Post by Urmel » 14 Sep 2011 10:02

I think it was almost all of it B4, i.e. avgas.
The enemy had superiority in numbers, his tanks were more heavily armoured, they had larger calibre guns with nearly twice the effective range of ours, and their telescopes were superior. 5 RTR 19/11/41

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Urmel
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Re: Tobruk

Post by Urmel » 14 Sep 2011 16:01

In fact, the delivery methods were quite varied, and indicate the desperation of the Axis:

Convoys and solo trips of motorised sailing vessels
Light cruisers
Destroyers and torpedo boats, some of which adopted the practice of jettisoning the cargo outside the harbour, for it to be collected by sailing vessels (which drew furious protests by the Germans) a trip to deliver 70 tons of fuel would consume 200 tons of bunker fuel
Submarines of various sizes
Deck cargo on freighters and auxiliary warships
Regular tankers
Junkers 52, Junkers 90, BV 222, He 111

The only thing they didn't try was to combine personnel and fuel delivery by having soldiers paddle across the Med on a barrel.Submarines of various sizes
Deck cargo on freighters and auxiliary warships
Regular tankers
Junkers 52, Junkers 90, BV 222, He 111

The only thing they didn't try was to combine personnel and fuel delivery by having soldiers paddle across the Med on a barrel.
The enemy had superiority in numbers, his tanks were more heavily armoured, they had larger calibre guns with nearly twice the effective range of ours, and their telescopes were superior. 5 RTR 19/11/41

The CRUSADER Project - The Winter Battle 1941/42

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Re: Tobruk

Post by Kingfish » 15 Sep 2011 21:04

JBond wrote:The only thing they didn't try was to combine personnel and fuel delivery by having soldiers paddle across the Med on a barrel.
They did, it's just that the soldiers are still paddling.

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Re: Tobruk

Post by Jon G. » 16 Sep 2011 07:05

Kingfish wrote:
JBond wrote:The only thing they didn't try was to combine personnel and fuel delivery by having soldiers paddle across the Med on a barrel.
They did, it's just that the soldiers are still paddling.
I'm sure that delivery system was tried out in Tunisia. The '1,000 cigarettes for whomever brings me a jerry can of fuel' method was saved for later still.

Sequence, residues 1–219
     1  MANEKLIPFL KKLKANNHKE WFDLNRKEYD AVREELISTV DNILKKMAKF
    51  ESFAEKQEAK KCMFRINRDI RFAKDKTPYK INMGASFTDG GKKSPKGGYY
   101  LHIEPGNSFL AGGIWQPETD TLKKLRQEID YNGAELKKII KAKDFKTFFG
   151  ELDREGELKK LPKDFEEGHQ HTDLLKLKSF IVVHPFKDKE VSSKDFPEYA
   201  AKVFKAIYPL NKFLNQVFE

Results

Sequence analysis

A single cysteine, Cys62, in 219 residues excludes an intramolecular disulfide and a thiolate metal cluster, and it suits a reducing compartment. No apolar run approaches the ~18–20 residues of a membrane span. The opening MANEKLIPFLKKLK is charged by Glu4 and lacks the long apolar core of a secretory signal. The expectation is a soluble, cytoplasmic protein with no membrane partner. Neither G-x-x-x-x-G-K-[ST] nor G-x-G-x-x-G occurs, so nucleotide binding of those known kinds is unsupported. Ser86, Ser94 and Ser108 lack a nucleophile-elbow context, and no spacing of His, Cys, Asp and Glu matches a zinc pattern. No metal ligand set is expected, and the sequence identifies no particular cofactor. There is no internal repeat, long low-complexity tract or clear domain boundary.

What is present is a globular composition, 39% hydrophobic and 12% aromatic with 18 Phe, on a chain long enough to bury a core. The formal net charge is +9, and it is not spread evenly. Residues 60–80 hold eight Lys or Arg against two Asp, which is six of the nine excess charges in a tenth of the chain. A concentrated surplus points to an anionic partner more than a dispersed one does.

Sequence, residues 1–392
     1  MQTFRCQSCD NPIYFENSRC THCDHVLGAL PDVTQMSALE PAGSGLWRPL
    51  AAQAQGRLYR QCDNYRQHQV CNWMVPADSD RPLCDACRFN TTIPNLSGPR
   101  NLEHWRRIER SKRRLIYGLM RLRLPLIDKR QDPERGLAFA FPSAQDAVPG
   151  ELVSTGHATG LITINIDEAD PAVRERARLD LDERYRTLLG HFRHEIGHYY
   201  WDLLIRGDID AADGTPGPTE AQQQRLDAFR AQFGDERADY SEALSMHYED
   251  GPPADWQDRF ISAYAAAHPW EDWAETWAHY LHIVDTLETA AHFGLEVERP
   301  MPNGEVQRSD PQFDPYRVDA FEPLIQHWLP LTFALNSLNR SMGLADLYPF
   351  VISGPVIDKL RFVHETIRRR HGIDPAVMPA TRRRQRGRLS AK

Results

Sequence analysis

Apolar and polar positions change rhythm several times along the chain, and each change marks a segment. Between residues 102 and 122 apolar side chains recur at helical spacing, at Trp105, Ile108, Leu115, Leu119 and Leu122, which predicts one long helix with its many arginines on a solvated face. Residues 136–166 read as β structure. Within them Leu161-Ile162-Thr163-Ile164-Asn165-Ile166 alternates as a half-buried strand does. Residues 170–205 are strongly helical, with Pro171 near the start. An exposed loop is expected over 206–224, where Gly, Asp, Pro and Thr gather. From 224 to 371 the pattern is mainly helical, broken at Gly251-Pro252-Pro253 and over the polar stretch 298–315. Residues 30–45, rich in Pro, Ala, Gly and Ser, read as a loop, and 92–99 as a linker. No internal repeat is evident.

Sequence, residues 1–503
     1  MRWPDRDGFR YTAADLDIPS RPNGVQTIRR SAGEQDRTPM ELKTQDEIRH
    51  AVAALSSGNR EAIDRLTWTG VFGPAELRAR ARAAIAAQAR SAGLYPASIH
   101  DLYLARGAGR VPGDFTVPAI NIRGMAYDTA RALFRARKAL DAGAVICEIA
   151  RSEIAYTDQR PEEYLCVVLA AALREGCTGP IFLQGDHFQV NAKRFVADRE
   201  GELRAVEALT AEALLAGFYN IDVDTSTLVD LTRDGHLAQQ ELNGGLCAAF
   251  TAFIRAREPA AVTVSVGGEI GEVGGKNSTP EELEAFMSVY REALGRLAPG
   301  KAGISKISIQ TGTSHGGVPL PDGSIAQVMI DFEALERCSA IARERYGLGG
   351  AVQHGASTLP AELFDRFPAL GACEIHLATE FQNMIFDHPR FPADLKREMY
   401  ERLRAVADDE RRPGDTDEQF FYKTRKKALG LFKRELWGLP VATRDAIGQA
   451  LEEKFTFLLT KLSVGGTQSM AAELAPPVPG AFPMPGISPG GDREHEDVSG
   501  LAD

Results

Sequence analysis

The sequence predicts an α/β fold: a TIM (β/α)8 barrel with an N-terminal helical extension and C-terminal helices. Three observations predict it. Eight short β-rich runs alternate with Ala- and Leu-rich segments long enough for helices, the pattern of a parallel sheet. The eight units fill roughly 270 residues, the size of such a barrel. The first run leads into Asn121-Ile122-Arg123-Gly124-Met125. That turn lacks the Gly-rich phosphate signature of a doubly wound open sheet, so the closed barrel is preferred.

That aside, it is not so much the desperation apparent which strikes me - rather, it's the fact that it was a joint effort (German planes and Italian warships, broadly speaking) which I find striking, as expressed by the exchange between Weichold and Riccardi.

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Re: Tobruk

Post by Urmel » 16 Sep 2011 12:46

It was a joint effort before, they figured out an agreement sometime in September I believe (would need to go back into my files), with allocation of space on German and Italian merchants being mixed, etc.pp. When personnel transport by sea was pretty much cancelled for a period after the sinking of the large liners in September (they started again with Vittoria on 22 January, only to have that one go to the bottom with almost a battalion worth of troops), air transport was found to be the most efficient and safe way to get soldiers across (merchants too vulnerable, destroyers too much fuel per run for the number of soldiers on them), and that was German and Italian planes. But then in November they used auxiliary warships (Citta class, Adriatico) for personnel transports as well. Destroyers took POWs and wounded on the way back, and were quite crammed in some cases.

It's a fascinating subject.
The enemy had superiority in numbers, his tanks were more heavily armoured, they had larger calibre guns with nearly twice the effective range of ours, and their telescopes were superior. 5 RTR 19/11/41

The CRUSADER Project - The Winter Battle 1941/42

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Re: Tobruk

Post by Urmel » 04 Oct 2011 15:17

Here's a nice bit of info from ULTRA for December 1941:
Luftgaustab Afrika Ia informed QM X Fliegerkorps that the auxiliary sailing vessel VELOS had sailed on the evening of 3/12.

Note: The VELOS had brought 100 tons of B4 to DERNA.
100 tons would have been just under the requirement for a day of Ritterkreuz earning by the Gentlemen of the Luftwaffe.
The enemy had superiority in numbers, his tanks were more heavily armoured, they had larger calibre guns with nearly twice the effective range of ours, and their telescopes were superior. 5 RTR 19/11/41

The CRUSADER Project - The Winter Battle 1941/42

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Re: Tobruk

Post by Jon G. » 04 Oct 2011 16:58

Did the Velos set sail from Tobruk? Sailing all the way across the Mediterranean in a (I presume) wooden ship dependent on the weather and no easy way of maneouvering would have been reckless at the time.

Could B4 fuel - I've seen it referred to as 'Beer Four' in Ultra decrypts - be used as tank fuel at a pinch? Was it?

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Re: Tobruk

Post by Urmel » 04 Oct 2011 19:27

Tobruk? Not sure, unless the British were in the business of supplying Jerry with fuel? ;)

Crete is my guess. :)

B4 was the 87 octane. No idea if tanks ran on that, I am afraid. But delivery to Derna is a good indicator for use as Luftwaffe fuel at that point in time.
The enemy had superiority in numbers, his tanks were more heavily armoured, they had larger calibre guns with nearly twice the effective range of ours, and their telescopes were superior. 5 RTR 19/11/41

The CRUSADER Project - The Winter Battle 1941/42